A Trinity of Lunches
Rabbi Andrew Shaw
Chief Executive, Mizrachi UK
I had three different lunches this week which got to the heart of what Mizrachi is attempting to achieve here in the UK.
The first was with our new Shaliach in Manchester, Rabbi Ari Silbermann, who, along with his wife Laura is bringing Torat Yisrael to communities all over Manchester as well as in the schools and the University – it was wonderful to hear about the sterling work he is doing.
The second was with potential future Mizrachi Fellows who will hopefully be joining the six couples already in Israel doing semicha, helping create the next generation of Religious Zionist Rabbis and Rabbaniot. Their passion and drive was a delight to listen to.
The third was a bit different. It was not a Rabbi, or a Rabbinic student.
At the third meeting, my lunch guest handed me a magazine and pointed me to the welcome message. The magazine, written in 2017, was in honour of 100 years since the Balfour Declaration.
The welcome message was as follows:
‘The return of the Jewish people to their historic Homeland is of global significance. The nation of Israel has been reborn and their language revived. No other people in world history can compare. It has happened because Almighty God said it would. The God of Abraham, Issac and Jacob has restored His chosen people to the land He had chosen for them.’
Who wrote such an introduction?
It is something Mizrachi for sure would have written – had we been asked. No, this had been written by Christian Zionists, one of whom I met this week for lunch!
It was a wonderful lunch, to be both quoting pasukim from Isaiah, Jeremiah and Zachariah which all speak about the eventual return of the Jewish people to Israel was very special. We both agreed we are living in wondrous times.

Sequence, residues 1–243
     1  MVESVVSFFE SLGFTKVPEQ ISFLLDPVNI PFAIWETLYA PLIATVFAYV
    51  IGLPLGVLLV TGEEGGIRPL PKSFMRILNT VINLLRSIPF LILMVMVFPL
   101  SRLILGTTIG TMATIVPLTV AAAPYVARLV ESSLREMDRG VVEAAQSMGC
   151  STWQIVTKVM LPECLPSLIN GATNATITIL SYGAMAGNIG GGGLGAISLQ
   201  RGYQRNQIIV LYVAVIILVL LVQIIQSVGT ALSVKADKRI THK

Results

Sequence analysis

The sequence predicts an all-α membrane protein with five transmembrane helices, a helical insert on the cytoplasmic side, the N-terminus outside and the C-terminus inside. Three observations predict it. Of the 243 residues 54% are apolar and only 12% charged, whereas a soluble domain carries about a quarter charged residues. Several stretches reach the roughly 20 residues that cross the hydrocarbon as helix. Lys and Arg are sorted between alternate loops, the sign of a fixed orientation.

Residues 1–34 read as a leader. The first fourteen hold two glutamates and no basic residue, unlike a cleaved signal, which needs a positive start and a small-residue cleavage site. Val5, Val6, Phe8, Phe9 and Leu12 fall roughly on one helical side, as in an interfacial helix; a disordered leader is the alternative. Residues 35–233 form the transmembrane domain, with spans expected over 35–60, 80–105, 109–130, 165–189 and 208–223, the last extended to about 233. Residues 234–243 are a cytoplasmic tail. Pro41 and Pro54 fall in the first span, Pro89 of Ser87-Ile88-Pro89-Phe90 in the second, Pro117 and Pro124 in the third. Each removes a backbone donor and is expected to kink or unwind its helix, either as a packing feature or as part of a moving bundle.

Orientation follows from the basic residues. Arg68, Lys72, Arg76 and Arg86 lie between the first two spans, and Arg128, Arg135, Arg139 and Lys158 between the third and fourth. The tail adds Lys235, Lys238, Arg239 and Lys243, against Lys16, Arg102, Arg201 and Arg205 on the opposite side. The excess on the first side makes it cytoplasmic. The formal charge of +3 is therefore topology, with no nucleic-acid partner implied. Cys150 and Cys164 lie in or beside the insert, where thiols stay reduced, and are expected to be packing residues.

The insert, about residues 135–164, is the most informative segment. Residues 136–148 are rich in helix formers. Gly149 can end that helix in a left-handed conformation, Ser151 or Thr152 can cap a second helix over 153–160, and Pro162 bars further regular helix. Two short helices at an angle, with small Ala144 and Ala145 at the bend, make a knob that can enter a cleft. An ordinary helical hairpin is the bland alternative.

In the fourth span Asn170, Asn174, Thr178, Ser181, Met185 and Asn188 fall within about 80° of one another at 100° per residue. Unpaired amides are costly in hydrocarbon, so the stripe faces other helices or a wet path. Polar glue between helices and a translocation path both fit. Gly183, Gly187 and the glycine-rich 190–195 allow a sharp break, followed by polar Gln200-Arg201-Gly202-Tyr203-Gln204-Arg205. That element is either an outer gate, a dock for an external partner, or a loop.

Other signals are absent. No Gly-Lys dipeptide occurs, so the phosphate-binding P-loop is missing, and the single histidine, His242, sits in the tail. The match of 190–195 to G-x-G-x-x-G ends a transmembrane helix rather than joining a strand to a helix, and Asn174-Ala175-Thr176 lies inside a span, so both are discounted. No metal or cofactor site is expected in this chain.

What saddened me somewhat is that we spoke about the fact that most Jewish groups would not have written such a paragraph. So much of the Zionism in this country and globally does not relate to the Yad Hashem – the Hand of God in the miraculous return of our people in 1948. They don’t affirm that our return has religious significance which we are reminded of on a daily basis in our prayers.
There is a remarkable line in the parsha which I thought of during the lunch. It is in Shemot 2:6 when Moshe is discovered by Batia, Pharoah’s daughter. ‘Va tirehu et ha yeled, v hinei naar boche’– and she saw the child and behold a child was crying. However, the pasuk uses two words – yeled and naar. Why not just write ‘And she saw the child and behold he was crying’, why use a second word and why a different word?
Rashi says that the word ‘naar’ youth was used as even though he was a child, his voice and his cries had the maturity of a youth.
The Baal Ha Turim has a different and stunning interpretation. He says the youth the Torah is speaking about is Aaron – he was crying, as he was worried about his baby brother. I too am crying, worried about our community – both nationally and internationally.
The journey that stated this week in Parshat Shemot was destined to take us to two mountains. First Har Sinai for the Torah and then Har Moriah for the Bet Ha Mikdash and Yerushalayim.
The fact that our Christian brothers can see the truth of our miraculous return, and the importance of our Torah observance more than most Jews can, is definitely worth crying about.
However, my first two lunches allowed me to wipe my tears. There has to be a response to the crisis of lack of connection to Torat Yisrael, and the response is simply to create more leaders who have the ability to get that message out far and wide. That is at the heart of the Mizrachi mission.
My Christian friend pointed out to me the following. ‘About 15% of the Jewish community in the UK are religious but they are not Zionist’ he said ‘ A large part of the Jewish community are Zionist but they are not religious, but only a very small percentage of the Jewish community are both Religious and Zionist but that is what you need to inspire the UK Jewish community to become.’
All I could say to him was…